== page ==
Project management is all about…

| October 16th, 2008 | , , , ,

Most project managers — and many web designers and developers stuck doing project management — will tell you that communication is the most important aspect of their job. And while that is very true, there are other components of project management that have been ignored. The over-simplification of some online project management tools can leave some small businesses too focused on communication and not focused enough on accountability, delivery and frequency.

Accountability

It is critical that a project manager be able to account for the efforts of her team. A client may want to know how their money has been spent, or how much time is left on their contract. The ability to quickly access this data is important for maintaining good client relationships and establishing their trust in your methodologies. Responding with “let me get back to you on that” may leave the client wondering if you aren’t cooking up a best-guess report. A web-based time tracking & project management tool, like Intervals, is ideal for this situation. A few clicks of the mouse is all it takes to generate a report detailing all project activity and to put the client at ease.

Accountability to the web design and development teams is also important. Keeping team members accountable to one another keeps bitterness and resentment from poisoning a project, and helps maintain morale. Project management is really a team effort, which is why so much emphasis is placed on communication and collaboration, and accountability keeps those channels open.

Delivery

The ultimate measure of a successful project is delivery. A project is usually broken down into several deliverables, with the final deliverable being the finished project itself. Each one of these milestones is a signpost on the side of the road. Without consistent and timely delivery, the project will become lost and increasingly more difficult to complete on time. It is the project manager’s responsibility to keep each piece of the project moving along so that in the end they all come together on time and within budget. Maintaining good delivery will earn you high regards and unwavering dedication from your clients.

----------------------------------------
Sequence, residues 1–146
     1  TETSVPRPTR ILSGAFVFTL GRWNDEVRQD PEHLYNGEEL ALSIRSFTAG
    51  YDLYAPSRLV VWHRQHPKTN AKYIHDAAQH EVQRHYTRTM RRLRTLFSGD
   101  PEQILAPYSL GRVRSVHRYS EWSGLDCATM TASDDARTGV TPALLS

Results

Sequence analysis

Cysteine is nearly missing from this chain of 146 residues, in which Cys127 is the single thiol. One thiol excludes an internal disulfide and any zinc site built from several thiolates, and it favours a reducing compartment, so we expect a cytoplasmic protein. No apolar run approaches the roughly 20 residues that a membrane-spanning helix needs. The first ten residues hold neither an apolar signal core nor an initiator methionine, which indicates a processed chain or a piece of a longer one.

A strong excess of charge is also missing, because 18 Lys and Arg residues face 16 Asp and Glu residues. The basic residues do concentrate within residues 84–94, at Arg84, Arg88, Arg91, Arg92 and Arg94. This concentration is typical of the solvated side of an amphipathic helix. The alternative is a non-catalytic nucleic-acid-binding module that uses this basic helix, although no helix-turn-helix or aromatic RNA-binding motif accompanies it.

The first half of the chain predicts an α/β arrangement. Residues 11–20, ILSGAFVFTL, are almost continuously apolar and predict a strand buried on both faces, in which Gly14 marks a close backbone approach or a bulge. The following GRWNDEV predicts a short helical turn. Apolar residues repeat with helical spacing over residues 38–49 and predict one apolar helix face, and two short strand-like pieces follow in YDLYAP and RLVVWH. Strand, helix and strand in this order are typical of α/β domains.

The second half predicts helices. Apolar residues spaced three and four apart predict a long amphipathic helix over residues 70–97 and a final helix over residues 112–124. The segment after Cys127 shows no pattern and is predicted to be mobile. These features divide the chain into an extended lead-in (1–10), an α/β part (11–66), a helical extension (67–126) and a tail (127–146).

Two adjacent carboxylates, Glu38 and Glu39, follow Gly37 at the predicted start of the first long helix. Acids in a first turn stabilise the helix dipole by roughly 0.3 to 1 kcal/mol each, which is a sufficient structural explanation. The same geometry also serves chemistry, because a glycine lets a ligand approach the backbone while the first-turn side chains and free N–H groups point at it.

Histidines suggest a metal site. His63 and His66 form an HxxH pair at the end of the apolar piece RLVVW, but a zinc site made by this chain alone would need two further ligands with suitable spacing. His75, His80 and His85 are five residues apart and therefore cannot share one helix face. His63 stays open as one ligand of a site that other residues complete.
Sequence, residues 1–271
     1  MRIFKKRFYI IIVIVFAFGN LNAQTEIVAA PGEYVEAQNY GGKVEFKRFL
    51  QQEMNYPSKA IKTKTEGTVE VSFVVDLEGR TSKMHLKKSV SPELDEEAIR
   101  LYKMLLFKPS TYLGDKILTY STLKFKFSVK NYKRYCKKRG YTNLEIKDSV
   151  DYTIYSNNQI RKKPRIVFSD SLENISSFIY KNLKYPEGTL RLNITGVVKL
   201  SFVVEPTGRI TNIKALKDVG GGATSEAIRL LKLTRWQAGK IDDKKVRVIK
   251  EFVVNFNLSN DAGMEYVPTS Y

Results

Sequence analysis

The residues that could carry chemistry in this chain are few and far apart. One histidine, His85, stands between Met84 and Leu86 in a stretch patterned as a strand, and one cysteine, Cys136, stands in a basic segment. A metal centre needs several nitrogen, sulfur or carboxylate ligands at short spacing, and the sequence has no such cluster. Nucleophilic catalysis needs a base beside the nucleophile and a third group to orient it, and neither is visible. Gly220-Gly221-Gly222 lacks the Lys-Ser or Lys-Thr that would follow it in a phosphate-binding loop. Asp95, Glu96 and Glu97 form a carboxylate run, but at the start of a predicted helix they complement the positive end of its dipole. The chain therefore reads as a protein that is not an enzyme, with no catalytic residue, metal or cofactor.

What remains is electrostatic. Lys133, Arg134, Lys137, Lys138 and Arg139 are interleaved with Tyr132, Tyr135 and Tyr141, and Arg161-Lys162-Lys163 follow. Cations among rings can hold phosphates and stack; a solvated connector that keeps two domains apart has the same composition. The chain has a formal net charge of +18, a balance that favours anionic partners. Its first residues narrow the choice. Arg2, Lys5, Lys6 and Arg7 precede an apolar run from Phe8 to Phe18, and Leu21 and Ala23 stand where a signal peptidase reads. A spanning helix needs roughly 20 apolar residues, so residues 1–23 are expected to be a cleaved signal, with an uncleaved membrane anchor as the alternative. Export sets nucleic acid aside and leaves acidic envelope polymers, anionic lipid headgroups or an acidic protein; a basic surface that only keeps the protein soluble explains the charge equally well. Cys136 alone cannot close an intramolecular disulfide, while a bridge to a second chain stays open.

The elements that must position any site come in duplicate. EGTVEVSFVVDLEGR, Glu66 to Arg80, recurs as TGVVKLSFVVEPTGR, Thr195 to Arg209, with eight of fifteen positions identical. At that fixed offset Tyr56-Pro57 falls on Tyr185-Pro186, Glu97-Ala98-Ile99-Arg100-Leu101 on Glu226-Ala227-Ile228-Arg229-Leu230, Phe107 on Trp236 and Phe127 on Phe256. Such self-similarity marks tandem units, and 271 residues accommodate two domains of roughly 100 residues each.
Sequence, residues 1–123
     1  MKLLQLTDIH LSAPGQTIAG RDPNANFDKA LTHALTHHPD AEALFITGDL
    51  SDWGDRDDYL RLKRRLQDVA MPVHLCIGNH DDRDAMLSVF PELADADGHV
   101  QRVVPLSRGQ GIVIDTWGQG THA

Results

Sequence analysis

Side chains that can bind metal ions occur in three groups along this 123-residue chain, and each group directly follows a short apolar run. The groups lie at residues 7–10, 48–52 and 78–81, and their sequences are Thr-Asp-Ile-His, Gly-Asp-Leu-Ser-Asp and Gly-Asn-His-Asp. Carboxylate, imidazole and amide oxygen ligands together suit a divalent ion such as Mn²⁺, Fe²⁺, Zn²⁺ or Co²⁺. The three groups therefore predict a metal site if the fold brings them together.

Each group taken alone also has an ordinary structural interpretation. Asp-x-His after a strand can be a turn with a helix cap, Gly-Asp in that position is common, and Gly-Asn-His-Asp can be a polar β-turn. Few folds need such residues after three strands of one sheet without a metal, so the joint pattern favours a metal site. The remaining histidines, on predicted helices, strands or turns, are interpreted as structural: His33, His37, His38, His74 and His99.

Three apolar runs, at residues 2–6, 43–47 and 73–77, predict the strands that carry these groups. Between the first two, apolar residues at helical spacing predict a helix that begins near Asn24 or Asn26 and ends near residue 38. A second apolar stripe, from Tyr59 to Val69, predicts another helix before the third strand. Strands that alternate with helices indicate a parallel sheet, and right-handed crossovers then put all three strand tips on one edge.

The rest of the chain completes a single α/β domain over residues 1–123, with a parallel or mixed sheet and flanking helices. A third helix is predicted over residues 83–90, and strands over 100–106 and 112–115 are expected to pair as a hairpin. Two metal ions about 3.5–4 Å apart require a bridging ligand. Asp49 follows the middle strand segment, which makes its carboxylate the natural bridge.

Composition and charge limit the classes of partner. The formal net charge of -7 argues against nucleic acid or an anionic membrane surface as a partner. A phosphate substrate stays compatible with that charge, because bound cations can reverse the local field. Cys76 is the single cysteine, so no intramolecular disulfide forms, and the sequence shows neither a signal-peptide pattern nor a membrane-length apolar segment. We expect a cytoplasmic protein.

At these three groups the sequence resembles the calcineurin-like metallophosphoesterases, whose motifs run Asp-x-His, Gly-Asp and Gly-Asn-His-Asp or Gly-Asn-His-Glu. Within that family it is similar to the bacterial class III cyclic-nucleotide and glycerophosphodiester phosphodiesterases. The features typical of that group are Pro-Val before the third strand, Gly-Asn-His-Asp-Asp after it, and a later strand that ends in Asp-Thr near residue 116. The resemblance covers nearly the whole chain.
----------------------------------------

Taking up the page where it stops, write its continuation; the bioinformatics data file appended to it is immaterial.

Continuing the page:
Delivery, however, is a two way road. The project manager must also keep the client on time with their deliverables. Client lag is often the culprit in slowing down a project. The ability to encourage clients in a timely and effective manner is a unique and creative skill. Some clients only require a small nudge to keep the goods coming, while other clients may need to have their hand held during the entirety of the project.

Frequency

Scheduling tasks for a client project can be one of the more difficult skills to perfect, and a great example of how communication is more than what we speak and write. Some tasks are easier than others, and some projects can be comprised entirely of easy-to-do tasks. It is our human nature to tackle the easy tasks first and cross them off our list. Unless you communicate otherwise (which most of us don’t), getting things done for the client quickly will train the client to expect faster turnaround in the future. And when you have to push a project back for legitimate reasons, there is going to be a conflict. Schedule tasks throughout the timeline of a project, intertwining them with other projects.

Your team will appreciate the reinforced equilibrium as well. It makes them more productive if they can see the week spread out and grouped into chunks of time to focus on each project. Too many tasks too quickly can drain web designers and developers of the mojo they require to tackle larger responsibilities.

Lear

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John Reeve

John is a co-founder, web designer and developer at Pelago. His blog posts are inspired by everyday encounters with designers, developers, creatives and small businesses in general. John is an avid reader and road cyclist.
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Michael Payne

Michael is a co-founder and product architect at Pelago. His contributions stem from experiences managing the development process behind web sites and web-based applications such as Intervals. Michael drives a 1990 Volkswagen Carat with a rebuilt 2.4 liter engine from GoWesty.
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